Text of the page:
May 1, 2020
Media Contact: EOC PIO (727) 464,3820, [email protected]
Pinellas County aligns with Phase 1 of governor’s plan for recovery
Commission extends Local State of Emergency and clarifies new local restrictions.
- COVID-19 Local State of Emergency extended for 7 days; County’s Resolution 20-20 Safer at Home order is terminated, relying on the governor’s order.
- Governor’s order authorizes many nonessential businesses that have been closed to reopen Monday, May 4, with conditions and restrictions.
- Governor’s order strongly encourages senior citizens and individuals with underlying serious medical conditions to stay home and limit exposure risks.
The Pinellas County Board of County Commissioners on Friday extended its COVID-19 Local State of Emergency for seven days and issued new guidance that aligns with Governor Ron DeSantis’ Phase 1 Safe, Smart, Step-by-Step Plan for Florida’s recovery (Executive Order 20-112), effective Monday.
The County’s orders include the following: pools, beaches, and a reminder for individuals to comply with all the County’s and governor’s orders.
Starting Monday, May 4, 2020:
- Citizens will no longer be prohibited from leaving home only for essential activities and services, but they should continue to practice social distancing. Senior citizens and individuals with underlying serious health conditions are strongly urged to stay home as much as possible.
- Essential services and activities previously allowed under the state’s expiring Safer at Home order may continue as they have been operating, including their adherence to safety guidelines issued by the CDC and OSHA.
- Consistent with the governor’s order, many activities and businesses that pose a higher risk of transmission remain prohibited or closed during Phase 1. They include visitation at long-term care facilities; concert and music halls; bars, pubs, nightclubs; gyms and dance and yoga studios; personal services such as haircuts and nail salons; locations with amusement parks and waterparks; and vacation rentals.
- Restaurants and food establishments may reopen dining areas with a maximum patron occupancy of 25 percent of the stated building capacity (as allowed by local ordinances). Outdoor seating is allowed without capacity percentage limitations, but bar counter seating must remain closed.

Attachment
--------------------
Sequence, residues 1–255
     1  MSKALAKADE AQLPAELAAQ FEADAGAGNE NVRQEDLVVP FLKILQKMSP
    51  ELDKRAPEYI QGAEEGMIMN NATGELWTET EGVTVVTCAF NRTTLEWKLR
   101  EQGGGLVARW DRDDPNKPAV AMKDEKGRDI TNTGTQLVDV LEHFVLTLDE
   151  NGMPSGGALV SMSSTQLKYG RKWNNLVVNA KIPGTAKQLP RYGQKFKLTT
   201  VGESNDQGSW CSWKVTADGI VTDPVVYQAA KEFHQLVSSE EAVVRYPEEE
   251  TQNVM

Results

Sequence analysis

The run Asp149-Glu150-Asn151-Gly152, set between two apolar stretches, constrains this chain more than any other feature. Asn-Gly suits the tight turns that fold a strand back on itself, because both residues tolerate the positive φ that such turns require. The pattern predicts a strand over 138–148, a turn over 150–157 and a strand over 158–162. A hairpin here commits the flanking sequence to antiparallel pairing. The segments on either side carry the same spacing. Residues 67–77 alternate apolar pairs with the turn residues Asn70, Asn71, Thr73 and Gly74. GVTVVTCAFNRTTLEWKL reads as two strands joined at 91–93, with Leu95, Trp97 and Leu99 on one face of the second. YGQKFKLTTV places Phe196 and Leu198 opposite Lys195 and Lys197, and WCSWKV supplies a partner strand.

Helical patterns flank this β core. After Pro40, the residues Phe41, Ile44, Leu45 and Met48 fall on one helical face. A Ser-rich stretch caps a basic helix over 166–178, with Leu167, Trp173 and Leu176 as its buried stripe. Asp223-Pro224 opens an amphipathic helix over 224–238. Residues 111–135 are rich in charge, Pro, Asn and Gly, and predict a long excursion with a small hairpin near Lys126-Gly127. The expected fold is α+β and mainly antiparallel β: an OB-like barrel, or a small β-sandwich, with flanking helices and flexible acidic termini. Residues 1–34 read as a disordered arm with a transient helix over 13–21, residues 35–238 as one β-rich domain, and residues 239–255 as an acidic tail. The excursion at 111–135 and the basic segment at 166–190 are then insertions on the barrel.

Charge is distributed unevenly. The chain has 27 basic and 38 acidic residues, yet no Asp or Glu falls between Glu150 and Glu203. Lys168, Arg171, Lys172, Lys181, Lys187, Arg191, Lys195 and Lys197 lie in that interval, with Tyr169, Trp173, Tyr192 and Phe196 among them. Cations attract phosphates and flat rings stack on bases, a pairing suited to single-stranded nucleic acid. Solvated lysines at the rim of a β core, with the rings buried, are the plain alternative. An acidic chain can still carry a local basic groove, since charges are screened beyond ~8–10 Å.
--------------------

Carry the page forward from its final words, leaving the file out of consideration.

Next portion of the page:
- Many other nonessential retail businesses that have been closed to foot traffic may resume at limited capacity using social distancing principles. In-store activities can resume to a maximum of 25 percent patron occupancy of the stated building capacity. Pet grooming and car washes are among the businesses that may operate starting Monday, May 4. The County’s guidance strongly encourages residents to wear masks at indoor businesses like grocery and retail stores.
- Museums and libraries may reopen to a patron occupancy of 25 percent of the stated building capacity, but interactive functions and exhibits and child play areas must stay closed. Cities may decide to keep museums and libraries closed.
- Curbside pickup and delivery by businesses is allowed.
The Revised County’s guidance aligns with the governor’s order directing everyone to not to congregate in groups of more than 10 people, and that people not part of the same group remain at least six feet apart. Large gatherings for sporting, leisure or similar activities at venues, arenas and stadiums are prohibited.
Beaches reopen Monday at 7 a.m.
The Board earlier this week approved the conditional reopening of shared pools and childcare facility playgrounds, which took effect Thursday, and public beaches and beach parking areas, which will take effect Monday. Beaches will be open for all activities that allow CDC social distancing guidelines prohibiting groups of more than 10 and requiring a 6-foot separation between groups. Local law enforcement will be protecting public health by ensuring compliance with the guidelines.
Ramping up testing
Before adopting Resolutions 20-38 and 20-39 on Friday, the Board heard from Department of Health Director Dr. Ulyee Choe on plans to make COVID-19 testing more accessible to citizens who don’t meet strict symptoms criteria and walkup traffic. Quest and LabCorp have begun offering testing for the COVID-19 antibodies. More details regarding additional testing efforts in Pinellas County are forthcoming.
Close data monitoring
The County will continue to closely monitor COVID-19 trending data throughout the step-by-step recovery. Trends indicated a flattening or downward trajectory in positive test results and demand on the hospital system. The governor’s Phase 1 order and County’s corresponding guidance do not have stated expiration dates, and no date has been given for possible advancement to Phase II.
To read County and state orders, and access a wide array of COVID-19 information, visit Pinellas County COVID-19 Response & Recommendations.